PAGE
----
The duo of bassist Mark Saltman and keyboardist William Knowles makes music that finds optimism through the crackles made by life’s sorrow and despair. Saltman draws inspiration for his compositions from such tragedies as the devastation of New Orleans after being hit by Hurricane Katrina in 2005, and the scars left by The Holocaust which prompted the title track for the duo’s latest CD, Yesterday’s Man. Accompanied by vocalist Lori Williams-Chisholm, Yesterday’s Man is club-room jazz with music that is warm and intimate massaging an upward slant etched into every track. Yesterday’s Man is the follow up to the group’s debut disc and features the crisp rattling beats of pan-steel player Victor Provost and drummer Jimmy "Junebug" Jackson. Saltman describes how the recording of Yesterday’s Man came together and the group’s aspirations for their music.
JazzReview: Why did the group name the new album after your track "Yesterday's Man"? How does this song reflect the overall themes on the album?
Saltman: The album title continues our theme of focusing on the melodic elements in music that our generation sometimes forgets about. There are some things which should transcend time, run through generations and melody is one of them. Sometimes we forget that technology is just a good tool for us to use, it is not a replacement for the basic elements with which we should be working. Yesterday's musician was also focused on developing their own sound, being an individual and writing their own music, all things which we want to continue to strive for. The song itself ‘Yesterday’s Man’ is about a holocaust survivor’s memories, and that era in history reflects a great deal of chaos, which often is depicted through non-tonal music. I had visited the Holocaust museum last year with some of my concert band students and wanted to write something that had the element of hope.
JazzReview: How did you find your way through William Knowles' tracks like "Cry" and "What Was I To You"? Did William give you direction about what to play?
Saltman: William and I each write our tunes separately and then play them for each other. We usually write out our charts and rehearse a few times so that we can make the music the way we want it. On both of those songs, William had specific ideas about what he wanted everyone to play. The only thing I had to do was make sure I interpreted the lines the way he wanted them. William will usually write out any hits that the band has to make.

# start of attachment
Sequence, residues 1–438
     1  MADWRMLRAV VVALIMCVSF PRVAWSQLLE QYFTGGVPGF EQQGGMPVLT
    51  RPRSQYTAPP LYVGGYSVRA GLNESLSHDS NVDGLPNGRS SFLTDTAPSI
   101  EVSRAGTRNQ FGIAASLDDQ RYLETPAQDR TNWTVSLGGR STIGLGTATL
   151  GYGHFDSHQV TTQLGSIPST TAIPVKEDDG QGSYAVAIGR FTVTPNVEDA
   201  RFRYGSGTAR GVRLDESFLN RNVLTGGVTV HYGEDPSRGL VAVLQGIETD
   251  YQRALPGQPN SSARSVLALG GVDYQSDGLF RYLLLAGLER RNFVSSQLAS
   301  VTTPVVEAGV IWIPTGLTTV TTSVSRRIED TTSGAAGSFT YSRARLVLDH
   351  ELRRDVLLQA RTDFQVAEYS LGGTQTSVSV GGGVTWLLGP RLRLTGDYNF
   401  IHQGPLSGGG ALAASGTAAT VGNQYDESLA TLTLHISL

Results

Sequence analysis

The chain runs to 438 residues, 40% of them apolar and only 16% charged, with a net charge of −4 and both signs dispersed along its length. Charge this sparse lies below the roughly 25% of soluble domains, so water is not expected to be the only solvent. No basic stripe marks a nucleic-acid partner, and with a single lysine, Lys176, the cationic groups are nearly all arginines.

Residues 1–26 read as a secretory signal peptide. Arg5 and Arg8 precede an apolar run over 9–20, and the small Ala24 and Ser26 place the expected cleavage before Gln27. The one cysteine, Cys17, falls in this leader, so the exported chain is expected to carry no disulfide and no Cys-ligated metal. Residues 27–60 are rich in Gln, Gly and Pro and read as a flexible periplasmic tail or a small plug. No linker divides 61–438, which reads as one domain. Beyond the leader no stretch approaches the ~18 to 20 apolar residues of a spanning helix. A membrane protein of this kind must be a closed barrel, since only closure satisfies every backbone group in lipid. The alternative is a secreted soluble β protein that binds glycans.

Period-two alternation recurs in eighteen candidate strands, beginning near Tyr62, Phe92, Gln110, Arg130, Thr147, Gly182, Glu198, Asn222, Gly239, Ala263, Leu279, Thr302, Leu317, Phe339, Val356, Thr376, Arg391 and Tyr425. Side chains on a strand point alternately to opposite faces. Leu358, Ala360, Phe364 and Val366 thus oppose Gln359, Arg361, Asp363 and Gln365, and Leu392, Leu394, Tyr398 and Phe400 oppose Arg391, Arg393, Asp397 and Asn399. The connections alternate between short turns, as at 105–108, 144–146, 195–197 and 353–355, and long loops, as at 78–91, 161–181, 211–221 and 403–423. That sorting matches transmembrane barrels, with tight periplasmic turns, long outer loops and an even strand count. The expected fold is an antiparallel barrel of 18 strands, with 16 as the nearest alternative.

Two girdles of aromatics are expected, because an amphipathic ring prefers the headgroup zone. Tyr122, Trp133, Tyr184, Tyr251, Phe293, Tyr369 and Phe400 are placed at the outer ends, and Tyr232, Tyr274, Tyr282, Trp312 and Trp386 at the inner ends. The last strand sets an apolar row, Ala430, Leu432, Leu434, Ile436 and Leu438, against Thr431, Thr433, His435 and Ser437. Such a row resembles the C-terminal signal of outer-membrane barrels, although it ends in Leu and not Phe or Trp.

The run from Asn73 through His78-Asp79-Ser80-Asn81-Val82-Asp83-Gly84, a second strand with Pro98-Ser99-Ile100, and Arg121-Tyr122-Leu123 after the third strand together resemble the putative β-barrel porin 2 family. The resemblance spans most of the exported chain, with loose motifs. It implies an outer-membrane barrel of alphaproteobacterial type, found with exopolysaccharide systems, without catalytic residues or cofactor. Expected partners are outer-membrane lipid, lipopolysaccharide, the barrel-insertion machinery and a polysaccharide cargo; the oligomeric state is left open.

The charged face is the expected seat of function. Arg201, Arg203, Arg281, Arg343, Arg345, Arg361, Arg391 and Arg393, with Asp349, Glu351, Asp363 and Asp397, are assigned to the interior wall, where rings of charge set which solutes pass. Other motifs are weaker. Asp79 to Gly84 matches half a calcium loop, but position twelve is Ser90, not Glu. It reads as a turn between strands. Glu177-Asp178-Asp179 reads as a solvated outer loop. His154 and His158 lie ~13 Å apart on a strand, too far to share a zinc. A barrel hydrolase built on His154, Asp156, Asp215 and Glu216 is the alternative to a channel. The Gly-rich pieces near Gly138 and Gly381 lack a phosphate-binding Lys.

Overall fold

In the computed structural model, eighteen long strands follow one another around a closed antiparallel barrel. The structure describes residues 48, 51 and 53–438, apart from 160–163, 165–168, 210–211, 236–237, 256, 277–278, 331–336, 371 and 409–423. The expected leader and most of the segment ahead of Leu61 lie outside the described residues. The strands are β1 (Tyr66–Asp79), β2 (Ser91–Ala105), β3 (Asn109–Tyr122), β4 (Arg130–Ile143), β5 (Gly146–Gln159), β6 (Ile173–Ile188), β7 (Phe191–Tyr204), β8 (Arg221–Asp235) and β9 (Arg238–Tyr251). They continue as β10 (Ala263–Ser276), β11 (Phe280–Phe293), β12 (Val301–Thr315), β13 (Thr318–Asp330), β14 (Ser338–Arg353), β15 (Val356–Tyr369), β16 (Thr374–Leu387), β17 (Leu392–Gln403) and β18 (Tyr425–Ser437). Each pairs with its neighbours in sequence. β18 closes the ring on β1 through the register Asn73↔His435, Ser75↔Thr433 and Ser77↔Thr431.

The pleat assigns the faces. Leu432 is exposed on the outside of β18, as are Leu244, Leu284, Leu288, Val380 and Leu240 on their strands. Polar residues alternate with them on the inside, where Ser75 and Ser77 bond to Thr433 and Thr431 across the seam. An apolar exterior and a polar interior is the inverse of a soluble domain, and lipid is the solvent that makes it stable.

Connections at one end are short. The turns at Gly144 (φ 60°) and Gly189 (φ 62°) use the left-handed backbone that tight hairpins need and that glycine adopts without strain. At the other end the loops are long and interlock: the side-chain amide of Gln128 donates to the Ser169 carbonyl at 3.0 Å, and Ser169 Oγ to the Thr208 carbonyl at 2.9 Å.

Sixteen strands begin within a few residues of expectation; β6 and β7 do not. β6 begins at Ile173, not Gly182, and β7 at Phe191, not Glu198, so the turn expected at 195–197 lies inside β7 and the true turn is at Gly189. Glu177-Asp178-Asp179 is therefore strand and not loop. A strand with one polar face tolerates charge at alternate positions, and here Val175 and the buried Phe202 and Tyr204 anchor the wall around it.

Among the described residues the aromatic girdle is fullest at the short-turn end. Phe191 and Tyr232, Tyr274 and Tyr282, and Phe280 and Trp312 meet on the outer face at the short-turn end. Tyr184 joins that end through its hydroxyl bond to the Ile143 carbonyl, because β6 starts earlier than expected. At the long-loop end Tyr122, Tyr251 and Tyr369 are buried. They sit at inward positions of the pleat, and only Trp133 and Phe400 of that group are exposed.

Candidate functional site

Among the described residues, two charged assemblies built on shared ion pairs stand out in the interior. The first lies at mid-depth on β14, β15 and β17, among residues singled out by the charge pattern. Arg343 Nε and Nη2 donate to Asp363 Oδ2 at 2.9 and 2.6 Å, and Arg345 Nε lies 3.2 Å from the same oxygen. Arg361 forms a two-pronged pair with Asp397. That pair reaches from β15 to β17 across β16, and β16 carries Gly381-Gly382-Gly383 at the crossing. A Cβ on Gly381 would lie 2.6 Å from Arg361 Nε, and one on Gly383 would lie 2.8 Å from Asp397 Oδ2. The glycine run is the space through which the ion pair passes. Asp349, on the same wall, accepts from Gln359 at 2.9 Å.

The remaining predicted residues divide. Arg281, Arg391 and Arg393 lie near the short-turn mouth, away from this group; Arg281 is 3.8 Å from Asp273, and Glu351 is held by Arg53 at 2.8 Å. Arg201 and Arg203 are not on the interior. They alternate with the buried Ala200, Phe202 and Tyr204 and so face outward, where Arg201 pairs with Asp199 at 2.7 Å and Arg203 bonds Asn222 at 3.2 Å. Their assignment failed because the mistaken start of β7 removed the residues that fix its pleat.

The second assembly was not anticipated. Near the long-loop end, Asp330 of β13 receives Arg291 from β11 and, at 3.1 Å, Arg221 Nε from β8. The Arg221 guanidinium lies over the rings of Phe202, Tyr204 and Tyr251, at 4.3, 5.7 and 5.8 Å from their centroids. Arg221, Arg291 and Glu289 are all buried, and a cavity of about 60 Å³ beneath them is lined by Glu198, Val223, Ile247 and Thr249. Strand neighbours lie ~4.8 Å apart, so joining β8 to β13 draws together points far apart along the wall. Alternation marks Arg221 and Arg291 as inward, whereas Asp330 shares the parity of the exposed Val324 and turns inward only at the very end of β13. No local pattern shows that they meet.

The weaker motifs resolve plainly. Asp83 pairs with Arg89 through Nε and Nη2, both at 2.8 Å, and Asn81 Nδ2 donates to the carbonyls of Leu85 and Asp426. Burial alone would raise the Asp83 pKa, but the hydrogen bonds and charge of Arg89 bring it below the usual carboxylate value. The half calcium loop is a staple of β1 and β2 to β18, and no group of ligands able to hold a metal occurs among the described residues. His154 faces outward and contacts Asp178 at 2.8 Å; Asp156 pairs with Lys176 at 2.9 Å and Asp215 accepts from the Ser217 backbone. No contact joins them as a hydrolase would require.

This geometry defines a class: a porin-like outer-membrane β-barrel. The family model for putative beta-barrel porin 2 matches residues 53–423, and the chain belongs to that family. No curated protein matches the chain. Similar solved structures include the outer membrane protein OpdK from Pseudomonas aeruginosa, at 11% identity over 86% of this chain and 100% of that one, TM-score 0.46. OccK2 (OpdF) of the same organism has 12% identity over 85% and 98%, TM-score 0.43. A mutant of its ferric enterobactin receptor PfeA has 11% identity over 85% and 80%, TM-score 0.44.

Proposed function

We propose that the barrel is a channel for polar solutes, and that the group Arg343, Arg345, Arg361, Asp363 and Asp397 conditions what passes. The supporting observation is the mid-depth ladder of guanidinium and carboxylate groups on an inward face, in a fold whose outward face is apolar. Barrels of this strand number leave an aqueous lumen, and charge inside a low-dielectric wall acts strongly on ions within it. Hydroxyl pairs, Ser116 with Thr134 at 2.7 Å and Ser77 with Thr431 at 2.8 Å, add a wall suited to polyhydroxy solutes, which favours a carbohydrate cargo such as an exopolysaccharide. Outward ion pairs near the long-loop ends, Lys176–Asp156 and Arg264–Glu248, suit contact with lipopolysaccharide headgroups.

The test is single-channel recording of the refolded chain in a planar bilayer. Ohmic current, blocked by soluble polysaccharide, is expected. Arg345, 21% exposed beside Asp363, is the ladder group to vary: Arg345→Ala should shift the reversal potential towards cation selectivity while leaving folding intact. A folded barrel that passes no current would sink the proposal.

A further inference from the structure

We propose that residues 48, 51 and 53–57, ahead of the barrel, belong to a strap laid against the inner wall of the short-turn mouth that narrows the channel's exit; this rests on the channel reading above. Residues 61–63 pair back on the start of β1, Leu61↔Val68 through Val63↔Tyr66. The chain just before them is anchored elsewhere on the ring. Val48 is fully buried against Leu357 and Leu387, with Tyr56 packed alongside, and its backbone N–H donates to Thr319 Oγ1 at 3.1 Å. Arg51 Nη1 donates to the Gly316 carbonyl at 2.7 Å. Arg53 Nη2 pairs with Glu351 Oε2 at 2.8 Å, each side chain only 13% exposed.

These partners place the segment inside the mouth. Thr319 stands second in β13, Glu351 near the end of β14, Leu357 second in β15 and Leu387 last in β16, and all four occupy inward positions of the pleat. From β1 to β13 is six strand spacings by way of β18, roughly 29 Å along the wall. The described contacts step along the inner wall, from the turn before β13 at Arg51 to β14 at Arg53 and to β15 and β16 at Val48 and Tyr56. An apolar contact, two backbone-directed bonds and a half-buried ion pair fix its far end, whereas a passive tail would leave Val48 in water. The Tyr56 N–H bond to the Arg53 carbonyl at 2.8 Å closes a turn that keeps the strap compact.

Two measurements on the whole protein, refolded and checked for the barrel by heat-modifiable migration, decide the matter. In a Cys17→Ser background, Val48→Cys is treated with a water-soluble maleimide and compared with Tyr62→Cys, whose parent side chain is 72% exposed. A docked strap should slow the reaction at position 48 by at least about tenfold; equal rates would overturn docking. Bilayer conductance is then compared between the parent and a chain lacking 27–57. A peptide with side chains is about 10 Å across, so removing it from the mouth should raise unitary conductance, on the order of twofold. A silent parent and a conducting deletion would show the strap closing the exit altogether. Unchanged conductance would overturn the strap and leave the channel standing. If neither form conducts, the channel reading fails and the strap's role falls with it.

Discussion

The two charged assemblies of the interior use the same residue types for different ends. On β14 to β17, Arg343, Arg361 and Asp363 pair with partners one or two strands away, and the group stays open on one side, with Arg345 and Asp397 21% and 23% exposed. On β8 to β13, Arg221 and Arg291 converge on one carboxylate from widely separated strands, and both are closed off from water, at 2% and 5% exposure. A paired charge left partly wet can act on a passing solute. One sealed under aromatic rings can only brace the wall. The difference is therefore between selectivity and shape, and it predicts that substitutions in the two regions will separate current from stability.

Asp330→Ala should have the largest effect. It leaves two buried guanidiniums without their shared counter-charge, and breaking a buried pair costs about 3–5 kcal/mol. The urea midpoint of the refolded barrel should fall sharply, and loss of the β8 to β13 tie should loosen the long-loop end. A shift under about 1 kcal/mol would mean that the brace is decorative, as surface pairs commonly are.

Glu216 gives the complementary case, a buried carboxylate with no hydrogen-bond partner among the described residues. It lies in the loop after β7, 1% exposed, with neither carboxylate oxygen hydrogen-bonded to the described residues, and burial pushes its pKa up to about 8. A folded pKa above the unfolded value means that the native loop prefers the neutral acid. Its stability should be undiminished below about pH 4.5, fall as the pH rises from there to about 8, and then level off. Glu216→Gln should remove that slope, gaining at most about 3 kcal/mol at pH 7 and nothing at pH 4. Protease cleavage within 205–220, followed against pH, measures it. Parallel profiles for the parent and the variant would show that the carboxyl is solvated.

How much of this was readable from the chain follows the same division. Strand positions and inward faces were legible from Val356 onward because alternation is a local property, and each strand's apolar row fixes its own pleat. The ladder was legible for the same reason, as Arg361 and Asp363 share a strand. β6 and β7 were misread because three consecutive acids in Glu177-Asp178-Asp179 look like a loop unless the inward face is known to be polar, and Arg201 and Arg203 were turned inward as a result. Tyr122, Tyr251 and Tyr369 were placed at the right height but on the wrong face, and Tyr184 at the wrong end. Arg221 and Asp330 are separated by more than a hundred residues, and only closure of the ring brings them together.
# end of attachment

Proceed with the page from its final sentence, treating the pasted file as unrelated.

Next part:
JazzReview: Who wrote the lyrics for "They Don't Really Care For Us"? Was it hard to tap into your feelings for the victims of Hurricane Katrina to write this song for them?
Saltman: Actually the first thing I had for the song was the phrase "They Don’t Really Care " I think I was listening to someone on the radio talking about the lack of resolution to the situation more than a few years after the hurricane hit. One of the commentators was talking about how little has actually happened so far. I’m not sure how long it’ll take for the city to come back, but Its such an important place in Jazz history that it should bother us that we haven’t done more to restore it.
JazzReview: Was it hard to play for Lori’s vocals on "They Don’t Really Care For Us"?
Saltman: With Lori it’s really pretty easy. She is excellent at interpreting melodies, so as long as I can sing a melody I know, she is going to bring something fantastic to it. We actually played this one on the night of President Obama’s inauguration and Lori added some stuff to it that I wish we had captured, because it was really, really beautiful, but it was just one of those momentary things and I wouldn’t want to try to repeat in the same way because the spirit of that night was unique.
JazzReview: How did you choose which tracks to put on the recording? Who is involved in the decision making, and what factors do you look for in a song that made it ready for the album?
Saltman: William and I get together and try and find songs that work together for the record. There are usually a few that we have already been playing live that we think would be good, but we always have a couple of new things that we are working on. We try to make sure that there is variety in the songs that we pick, and we usually play our new things for each other so we get an idea of what we think should go in. Sometimes the way that Jimmy Junebug Jackson, our drummer, hits a groove too makes us go, wow, okay we need to include this too- because he adds a unique element to certain songs as well.